"Defining the material and adapting it was certainly the most difficult part of this project," Ossman says. " . . . Ironically, we taped the special in August, prior to the events of Sept. 11. One of the pieces we included is the 'Parallel Hell' bit from Dwarf, which originally satirized the Korean War movies, and was later updated for the Vietnam period. Little did we know the nation would be back at war by the time this was broadcast."

The testimonials from Williams, Chase, Goodman and Carlin - all of whom cite the Firesigners as a major influence - play a crucial role. Bergman says that, beyond the "thrill" of having such well-known comic artists participating, their presence serves as a method of "extending" the Firesign39;s reach to a new generation.

"The big thing they do for us is place us in context for people who don't know Firesign39;s earlier work," Bergman says. "We feel our new albums, and this show, can stand on their own, even for fans who have not heard our earlier material. Having guys with their kind of mainstream reach citing us as influences, though, gives us the kind of cachet we are looking for."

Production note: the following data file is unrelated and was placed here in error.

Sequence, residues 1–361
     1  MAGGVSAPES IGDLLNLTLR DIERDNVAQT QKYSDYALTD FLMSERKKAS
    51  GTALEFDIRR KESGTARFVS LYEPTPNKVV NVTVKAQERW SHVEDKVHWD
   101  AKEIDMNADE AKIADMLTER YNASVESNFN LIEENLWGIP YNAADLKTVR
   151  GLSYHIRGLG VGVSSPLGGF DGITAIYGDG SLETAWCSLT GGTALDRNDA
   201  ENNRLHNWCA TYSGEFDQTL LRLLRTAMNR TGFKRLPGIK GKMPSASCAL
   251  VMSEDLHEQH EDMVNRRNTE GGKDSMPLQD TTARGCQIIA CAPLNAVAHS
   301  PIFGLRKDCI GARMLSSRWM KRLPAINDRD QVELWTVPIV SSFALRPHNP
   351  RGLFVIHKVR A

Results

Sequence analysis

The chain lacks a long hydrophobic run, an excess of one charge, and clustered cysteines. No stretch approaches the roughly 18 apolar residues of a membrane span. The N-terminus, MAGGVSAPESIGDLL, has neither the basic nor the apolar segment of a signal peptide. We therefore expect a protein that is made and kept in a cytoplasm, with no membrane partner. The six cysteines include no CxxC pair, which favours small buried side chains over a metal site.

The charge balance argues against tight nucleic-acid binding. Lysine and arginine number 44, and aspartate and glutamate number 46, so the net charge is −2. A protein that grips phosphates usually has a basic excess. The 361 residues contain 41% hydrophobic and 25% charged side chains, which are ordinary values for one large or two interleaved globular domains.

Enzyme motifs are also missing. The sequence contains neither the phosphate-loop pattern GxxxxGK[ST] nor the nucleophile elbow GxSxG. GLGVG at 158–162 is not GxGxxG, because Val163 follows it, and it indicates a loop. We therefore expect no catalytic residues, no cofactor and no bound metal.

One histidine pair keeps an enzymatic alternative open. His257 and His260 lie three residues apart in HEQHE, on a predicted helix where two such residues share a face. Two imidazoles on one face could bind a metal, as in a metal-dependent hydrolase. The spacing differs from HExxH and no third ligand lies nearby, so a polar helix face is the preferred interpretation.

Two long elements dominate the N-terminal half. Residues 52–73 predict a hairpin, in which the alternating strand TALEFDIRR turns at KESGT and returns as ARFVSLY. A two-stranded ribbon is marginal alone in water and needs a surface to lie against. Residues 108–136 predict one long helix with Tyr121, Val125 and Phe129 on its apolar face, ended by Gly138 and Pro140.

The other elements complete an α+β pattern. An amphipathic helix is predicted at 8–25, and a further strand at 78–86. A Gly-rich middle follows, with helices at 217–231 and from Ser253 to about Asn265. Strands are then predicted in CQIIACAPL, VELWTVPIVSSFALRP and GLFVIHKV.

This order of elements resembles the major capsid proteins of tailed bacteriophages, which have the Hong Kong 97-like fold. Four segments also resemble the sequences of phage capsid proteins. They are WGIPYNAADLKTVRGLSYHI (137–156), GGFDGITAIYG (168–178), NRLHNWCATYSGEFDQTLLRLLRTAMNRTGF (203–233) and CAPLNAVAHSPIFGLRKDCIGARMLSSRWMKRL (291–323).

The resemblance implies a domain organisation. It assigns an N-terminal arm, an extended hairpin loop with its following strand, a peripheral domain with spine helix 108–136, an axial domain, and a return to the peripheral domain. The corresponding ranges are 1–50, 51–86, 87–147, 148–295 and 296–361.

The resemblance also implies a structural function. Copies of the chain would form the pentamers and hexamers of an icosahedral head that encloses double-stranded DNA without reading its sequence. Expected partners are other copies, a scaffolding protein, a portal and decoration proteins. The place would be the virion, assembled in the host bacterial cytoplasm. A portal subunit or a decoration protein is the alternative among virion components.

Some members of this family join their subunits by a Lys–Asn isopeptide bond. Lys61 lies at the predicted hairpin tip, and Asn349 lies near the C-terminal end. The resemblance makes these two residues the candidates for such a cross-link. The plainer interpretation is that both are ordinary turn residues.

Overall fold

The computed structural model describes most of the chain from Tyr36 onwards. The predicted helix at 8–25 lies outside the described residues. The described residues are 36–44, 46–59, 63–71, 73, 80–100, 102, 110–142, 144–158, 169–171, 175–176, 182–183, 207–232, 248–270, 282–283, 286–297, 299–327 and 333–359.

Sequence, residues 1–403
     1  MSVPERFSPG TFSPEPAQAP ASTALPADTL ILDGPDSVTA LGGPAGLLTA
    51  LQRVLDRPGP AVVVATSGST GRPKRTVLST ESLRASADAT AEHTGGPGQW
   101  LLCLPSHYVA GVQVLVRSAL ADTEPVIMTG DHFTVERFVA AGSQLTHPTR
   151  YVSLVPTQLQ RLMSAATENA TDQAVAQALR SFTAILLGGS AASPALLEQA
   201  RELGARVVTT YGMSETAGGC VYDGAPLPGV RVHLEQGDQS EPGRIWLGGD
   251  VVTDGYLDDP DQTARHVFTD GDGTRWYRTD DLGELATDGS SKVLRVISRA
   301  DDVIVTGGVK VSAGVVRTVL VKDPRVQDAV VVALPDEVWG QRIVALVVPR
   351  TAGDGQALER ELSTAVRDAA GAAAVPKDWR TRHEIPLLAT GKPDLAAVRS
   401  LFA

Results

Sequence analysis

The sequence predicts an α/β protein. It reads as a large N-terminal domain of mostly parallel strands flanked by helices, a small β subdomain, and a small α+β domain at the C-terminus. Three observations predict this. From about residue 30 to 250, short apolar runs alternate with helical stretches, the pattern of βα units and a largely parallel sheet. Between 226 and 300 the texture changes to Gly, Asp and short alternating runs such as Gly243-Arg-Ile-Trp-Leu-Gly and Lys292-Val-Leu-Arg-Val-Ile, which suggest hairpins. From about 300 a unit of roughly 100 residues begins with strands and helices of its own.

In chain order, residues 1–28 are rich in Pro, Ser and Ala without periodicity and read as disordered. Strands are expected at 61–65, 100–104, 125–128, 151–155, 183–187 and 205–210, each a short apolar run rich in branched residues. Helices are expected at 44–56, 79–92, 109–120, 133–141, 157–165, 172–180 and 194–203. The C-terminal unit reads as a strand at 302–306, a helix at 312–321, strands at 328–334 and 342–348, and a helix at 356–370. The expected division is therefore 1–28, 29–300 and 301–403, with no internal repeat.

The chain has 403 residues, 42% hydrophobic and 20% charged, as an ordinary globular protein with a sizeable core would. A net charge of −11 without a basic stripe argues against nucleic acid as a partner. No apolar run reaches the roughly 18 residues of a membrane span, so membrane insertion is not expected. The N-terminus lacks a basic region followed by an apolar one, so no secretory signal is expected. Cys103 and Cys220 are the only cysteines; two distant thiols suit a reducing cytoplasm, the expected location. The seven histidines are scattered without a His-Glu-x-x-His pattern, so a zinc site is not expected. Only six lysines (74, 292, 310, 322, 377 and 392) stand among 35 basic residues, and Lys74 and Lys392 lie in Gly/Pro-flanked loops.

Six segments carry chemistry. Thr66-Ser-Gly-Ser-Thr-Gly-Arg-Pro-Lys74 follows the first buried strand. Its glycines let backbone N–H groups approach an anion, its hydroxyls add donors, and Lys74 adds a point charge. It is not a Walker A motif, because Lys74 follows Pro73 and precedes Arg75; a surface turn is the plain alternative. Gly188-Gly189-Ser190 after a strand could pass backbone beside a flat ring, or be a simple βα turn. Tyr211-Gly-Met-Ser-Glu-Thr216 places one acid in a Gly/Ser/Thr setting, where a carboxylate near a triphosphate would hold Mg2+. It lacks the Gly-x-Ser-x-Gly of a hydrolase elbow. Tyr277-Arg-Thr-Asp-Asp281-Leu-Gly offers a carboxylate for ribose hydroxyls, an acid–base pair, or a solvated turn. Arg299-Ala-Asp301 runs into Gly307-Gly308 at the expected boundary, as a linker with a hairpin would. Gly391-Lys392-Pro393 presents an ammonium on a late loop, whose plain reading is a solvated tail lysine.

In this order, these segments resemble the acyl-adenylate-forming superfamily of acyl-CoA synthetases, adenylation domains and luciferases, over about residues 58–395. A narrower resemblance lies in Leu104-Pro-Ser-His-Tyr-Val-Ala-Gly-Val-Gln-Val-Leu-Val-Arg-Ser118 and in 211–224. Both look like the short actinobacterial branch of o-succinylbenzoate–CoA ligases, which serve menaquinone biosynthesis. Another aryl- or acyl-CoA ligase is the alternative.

The search for that cachet finally matters to the four men, now all in their early 60s and living on the West Coast, and suddenly serious about promoting "our investment in the Firesign Theatre," according to Bergman. Indeed, the opportunity to make what Proctor calls "a downright strange" emergence into the consciousness of a new generation of fans via PBS was too good to pass up. It's one of the many ironies surrounding Weirdly Cool.

The biggest irony, though, is the fact that the show exists at all. After all, this is a group whose members drifted apart in the '80s to launch successful individual careers as radio, TV, feature-film, stage, and voice-over actors. Then, in 1998, the four suddenly returned to their esoteric audio art form, and finally earned this TV opportunity. They've been flooding the marketplace with Firesign product ever since - in fact, more than ever before.

Besides Weirdly Cool and Bride of Firesign, the group recently started the Firesign Records label to release the group's vintage niche recordings, signed a deal with Columbia to rerelease its classic albums, started a radio show on the new XM satellite radio service, and is planning a theatrical tour for 2002.

Such developments have made the Firesign Theatre "mature overnight sensations," Bergman says. So Weirdly Cool could end up being either an appropriate exclamation point to the members' long history as comedic iconoclasts or the start of a new chapter in a strange journey - or both.

"We just waited 35 years to start promoting ourselves, that's all," Proctor says with a chuckle. "These things take a while."

© 2000